Everywhere, Wonder

April 5, 2018

Writer, Matthew Swanson, and illustrator, Robbi Behr, collaborate to create books. Read their story here or Google their YouTube video of what it’s like to collaborate together.

In Everywhere, Wonder, emphasis is placed on children noticing the world around them. Reading books brings new lands and climates alive. The information we gather can then be used to create our own stories to share. Matthew and Robbi created a printable book for kids to share their stories. I would love for each classroom to read and discuss this book. It’s a wonderful mentor text for sharing at the beginning of collecting ideas in notebooks for narratives and nonfiction possibilities.

Savorings for Everywhere, Wonder:

  • Story to share
  • Noticing. Observing the world around you.
  • Sensory detail
  • Geography. Climates
  • Visualizing
  • Wondering – how to ask questions about what you notice

Mama’s Stories

March 1, 2009

I love the voice of the child and her mother in the book Tell Me a Story, MamaAngela Johnson penned a narrative in the structure of  a conversation between mother and daughter.   David Soman paints the bed time setting as the background of the conversation.  True in our home, my children often share information about their day or ask questions that bring insight into their curious minds.

The book warms my heart a I see a reflection of my family.  Being mischievous as a youngster, my husband (not me)  often shares memories in his life that conjures much laughter.  My kids soak it up.  The past week, our oldest, Wes, began sharing the antics of each new teacher he has this trimester.  I couldn’t help laughing, but it made me wonder what stories my students were sharing about me.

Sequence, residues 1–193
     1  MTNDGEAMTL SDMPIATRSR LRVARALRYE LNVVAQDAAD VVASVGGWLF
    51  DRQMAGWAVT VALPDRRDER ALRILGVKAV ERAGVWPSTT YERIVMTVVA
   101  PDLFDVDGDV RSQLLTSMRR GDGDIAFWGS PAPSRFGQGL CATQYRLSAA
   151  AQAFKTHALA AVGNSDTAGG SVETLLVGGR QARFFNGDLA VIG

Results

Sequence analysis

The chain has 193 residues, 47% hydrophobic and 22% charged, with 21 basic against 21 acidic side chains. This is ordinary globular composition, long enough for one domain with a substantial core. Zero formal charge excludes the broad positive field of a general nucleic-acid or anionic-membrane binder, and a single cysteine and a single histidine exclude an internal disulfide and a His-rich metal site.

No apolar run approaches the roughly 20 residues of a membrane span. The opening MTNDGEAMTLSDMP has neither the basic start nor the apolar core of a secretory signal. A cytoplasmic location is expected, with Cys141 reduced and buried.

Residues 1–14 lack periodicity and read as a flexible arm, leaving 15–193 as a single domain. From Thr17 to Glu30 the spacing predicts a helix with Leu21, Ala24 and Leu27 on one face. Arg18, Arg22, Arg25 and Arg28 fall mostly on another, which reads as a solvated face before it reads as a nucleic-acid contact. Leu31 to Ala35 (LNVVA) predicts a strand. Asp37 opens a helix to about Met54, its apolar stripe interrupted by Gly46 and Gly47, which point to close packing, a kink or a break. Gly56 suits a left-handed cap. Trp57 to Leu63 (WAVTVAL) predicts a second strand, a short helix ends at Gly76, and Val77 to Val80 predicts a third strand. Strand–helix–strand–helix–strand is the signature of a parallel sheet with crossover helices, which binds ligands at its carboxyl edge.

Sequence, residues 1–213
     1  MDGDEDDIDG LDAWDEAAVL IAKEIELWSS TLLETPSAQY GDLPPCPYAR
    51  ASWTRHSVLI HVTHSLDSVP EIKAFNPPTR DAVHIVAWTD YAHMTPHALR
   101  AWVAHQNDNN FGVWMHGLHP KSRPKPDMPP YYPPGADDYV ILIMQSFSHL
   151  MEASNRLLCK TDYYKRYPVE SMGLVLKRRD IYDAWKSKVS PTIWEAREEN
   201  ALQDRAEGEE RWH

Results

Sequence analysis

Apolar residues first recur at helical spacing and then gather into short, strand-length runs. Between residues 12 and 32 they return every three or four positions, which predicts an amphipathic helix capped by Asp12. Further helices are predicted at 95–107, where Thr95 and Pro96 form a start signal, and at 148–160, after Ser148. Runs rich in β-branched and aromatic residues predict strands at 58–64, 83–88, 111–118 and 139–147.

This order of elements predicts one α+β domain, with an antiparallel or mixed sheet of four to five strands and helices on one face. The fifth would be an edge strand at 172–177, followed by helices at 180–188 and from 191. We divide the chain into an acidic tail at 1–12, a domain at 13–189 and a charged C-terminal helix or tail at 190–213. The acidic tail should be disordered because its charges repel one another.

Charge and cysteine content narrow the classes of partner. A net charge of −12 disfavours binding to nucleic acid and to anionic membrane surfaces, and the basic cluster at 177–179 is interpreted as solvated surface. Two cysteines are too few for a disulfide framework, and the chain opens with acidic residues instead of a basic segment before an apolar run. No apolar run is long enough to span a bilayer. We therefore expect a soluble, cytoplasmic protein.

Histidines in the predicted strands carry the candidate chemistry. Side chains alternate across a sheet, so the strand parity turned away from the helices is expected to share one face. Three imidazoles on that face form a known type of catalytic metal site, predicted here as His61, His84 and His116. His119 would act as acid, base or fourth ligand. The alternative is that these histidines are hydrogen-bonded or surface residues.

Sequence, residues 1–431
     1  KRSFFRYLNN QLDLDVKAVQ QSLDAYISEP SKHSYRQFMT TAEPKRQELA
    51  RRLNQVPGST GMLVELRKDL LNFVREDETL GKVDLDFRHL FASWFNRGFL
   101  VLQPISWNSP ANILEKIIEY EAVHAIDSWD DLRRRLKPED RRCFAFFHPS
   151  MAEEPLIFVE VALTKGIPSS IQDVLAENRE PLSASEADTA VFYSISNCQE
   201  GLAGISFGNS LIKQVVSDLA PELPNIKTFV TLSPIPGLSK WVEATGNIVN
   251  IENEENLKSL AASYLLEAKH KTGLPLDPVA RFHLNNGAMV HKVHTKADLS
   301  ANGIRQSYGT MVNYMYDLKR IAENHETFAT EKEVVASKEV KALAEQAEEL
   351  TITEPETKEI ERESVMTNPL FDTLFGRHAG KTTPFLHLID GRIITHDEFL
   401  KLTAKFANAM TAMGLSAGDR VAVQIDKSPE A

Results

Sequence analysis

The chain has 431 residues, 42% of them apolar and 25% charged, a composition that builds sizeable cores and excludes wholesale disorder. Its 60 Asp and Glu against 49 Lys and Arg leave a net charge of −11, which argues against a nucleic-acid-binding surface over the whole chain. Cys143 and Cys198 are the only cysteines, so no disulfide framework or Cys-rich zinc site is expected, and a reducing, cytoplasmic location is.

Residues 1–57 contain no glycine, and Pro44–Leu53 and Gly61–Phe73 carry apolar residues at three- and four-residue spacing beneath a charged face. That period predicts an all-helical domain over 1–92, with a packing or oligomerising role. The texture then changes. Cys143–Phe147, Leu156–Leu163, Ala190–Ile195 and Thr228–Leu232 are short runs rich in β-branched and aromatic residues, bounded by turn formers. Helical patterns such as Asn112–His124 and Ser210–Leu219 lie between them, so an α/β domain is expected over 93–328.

Family stories – they’re the best.  Tell Me a Story, Mama is a great way to connect to oral story telling in your class.  I also believe it’s an excellent text to share with your families to promote story telling at home.

Savorings for reading and in writing for Tell Me a Story, Mama:

  • Two Font Types – supporting the back and forth conversation
  • Repeating Structure
  • Flashback – favorite stories of the mother’s childhood
  • Questions
  • Voice – the young girl’s and the mother’s
  • Inferencing – difficult economic times; responsibility of the older sibling

Girls playing Baseball

February 25, 2009

Enjoying the sport of baseball, I love learning about historical events that are reflective of the game.  Angela Johnson shares a story told by a grandmama to her granddaughter in Just Like Josh Gibson (illustrated by Beth Beck).  The story begins with a glimpse into Josh Gibson’s life playing baseball and hitting a ball out of the park.  On that day, the grandmother was born. 

Her papa “showed up […] with a Louisville slugger and a smile.  He said his new baby would make baseballs fly, just like Josh Gibson.”

Grandmama continued to share how she learned to play well, but in those days, girls did not play baseball.  Until… a boy broke his arm and couldn’t.  Grandmama was the star of the game.  The story ends with her passing the legacy on to her granddaughter.

An author’s note shares information about Josh Gibson.  Surprisingly, it also shares about “one young lady during the 1950’s that did get to play with the boys though it wasn’t in the majors.”  I’m intrigued by the information shared and plan to read more about these famous baseball-playing women.

Savorings for reading and in writing for Just Like Josh Gibson:

  • Family stories – passing on the legacy
  • Repeating phrase – “Grandmama says...”
  • Close echo – “Those summer days were like magic as the balls sailed away, sailed away, gone.”
  • Ellipse – “Too bad she’s a girl….  Until …”
  • Author’s note – historical information